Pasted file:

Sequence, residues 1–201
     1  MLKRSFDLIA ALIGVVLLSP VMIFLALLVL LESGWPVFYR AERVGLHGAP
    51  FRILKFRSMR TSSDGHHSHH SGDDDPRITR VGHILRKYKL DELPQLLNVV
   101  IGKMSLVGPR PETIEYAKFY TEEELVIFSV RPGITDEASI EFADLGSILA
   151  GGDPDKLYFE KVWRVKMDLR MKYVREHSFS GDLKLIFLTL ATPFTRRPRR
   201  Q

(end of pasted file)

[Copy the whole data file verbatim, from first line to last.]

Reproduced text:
Sequence, residues 1–201
     1  MLKRSFDLIA ALIGVVLLSP VMIFLALLVL LESGWPVFYR AERVGLHGAP
    51  FRILKFRSMR TSSDGHHSHH SGDDDPRITR VGHILRKYKL DELPQLLNVV
   101  IGKMSLVGPR PETIEYAKFY TEEELVIFSV RPGITDEASI EFADLGSILA
   151  GGDPDKLYFE KVWRVKMDLR MKYVREHSFS GDLKLIFLTL ATPFTRRPRR
   201  Q